Street Sartorialist photography

Though the last few postings might give that impression, this blog is not converting itself into another Sartorialist ersatz. Don't worry, it is not. Yet...
Though the last few postings might give that impression, this blog is not converting itself into another Sartorialist ersatz. Don't worry, it is not. Yet Paris is also about fashion and glamour, and therefore represent a theme I like to include in my pictures. As you might know, the Sartorialist hunt the streets, in search of fashion. Candidness and composition are often secondary to his approach, it is above all about what the person wear, not what she/he expresses or how she/he interacts with others. This is quite the opposite in street photography as these elements are key. This led...

Memories of a bar

It's 10am on a Thursday morning. The usually busy streets of Montmartre are still deserted. Inside a bar, a man leans against a table. He...
It's 10am on a Thursday morning. The usually busy streets of Montmartre are still deserted. Inside a bar, a man leans against a table. He probably does not feel like talking, at least not to the barman. Or he is just waiting for his friends to arrive, one by one. A daily ritual. I love bars in Paris, they are impregnated with decades, sometimes centuries of customers' stories. Tales of far away adventures, bold conspiracies, political discussions, or love pledges seem to linger in the air, without ever to be caught. There is a maybe bit of all of that...

Back to Chanel times

Paris is a unique city, you walk past a corner of a street and suddenly you feel thrown back in time. The times of Coco...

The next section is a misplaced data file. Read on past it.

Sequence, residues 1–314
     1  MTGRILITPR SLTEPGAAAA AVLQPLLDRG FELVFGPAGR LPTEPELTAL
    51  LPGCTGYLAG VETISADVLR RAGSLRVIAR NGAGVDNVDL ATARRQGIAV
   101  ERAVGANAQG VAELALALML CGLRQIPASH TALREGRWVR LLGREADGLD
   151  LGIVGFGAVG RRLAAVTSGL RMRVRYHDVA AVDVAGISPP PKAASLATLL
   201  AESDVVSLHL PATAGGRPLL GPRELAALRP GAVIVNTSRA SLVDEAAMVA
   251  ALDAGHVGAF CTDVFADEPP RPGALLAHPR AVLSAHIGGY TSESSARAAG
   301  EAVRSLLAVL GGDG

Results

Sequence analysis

Paris is a unique city, you walk past a corner of a street and suddenly you feel thrown back in time. The times of Coco Chanel ? (click on picture for high res) Leica M9 with 50mm Summicron at F2.0, 1/350, ISO160

To blur or not to blur

Often wrongly considered as a gimmick in street photography, the capability to blur backgrounds (or foregrounds) is to the contrary a wonderful creative tool when...
Often wrongly considered as a gimmick in street photography, the capability to blur backgrounds (or foregrounds) is to the contrary a wonderful creative tool when used appropriately. To illustrate it, let's have a look at two similar pictures taken in Paris by Notre Dame. In both cases, the focus was set on the little girl being portrayed by the painter. An aperture of F4.0 was used in the first frame while the second was taken with an aperture of F1.4 (on the 60mm Konica Hexanon F1.2).  What are the key differences generated by these two different exposure settings ? In...

Love letters

Maybe they should implement special mailboxes for love letters. 100% certified that it will reach destination. I often take my Sigma DP2 along the M9,...
Maybe they should implement special mailboxes for love letters. 100% certified that it will reach destination. I often take my Sigma DP2 along the M9, especially for unprocessed color work. It is where I feel it especially shines. These pictures are out of camera JPG, in vivid mode. You'll also notice the influence of my future job in this pictures ... the shoe business ! (click on pictures for high res) Sigma DP2 at 41mm, ISO100

The lost street photographers

Yesterday we went for a walk in the Paris flea market. As usual when going there, I paid a visit to the block where all...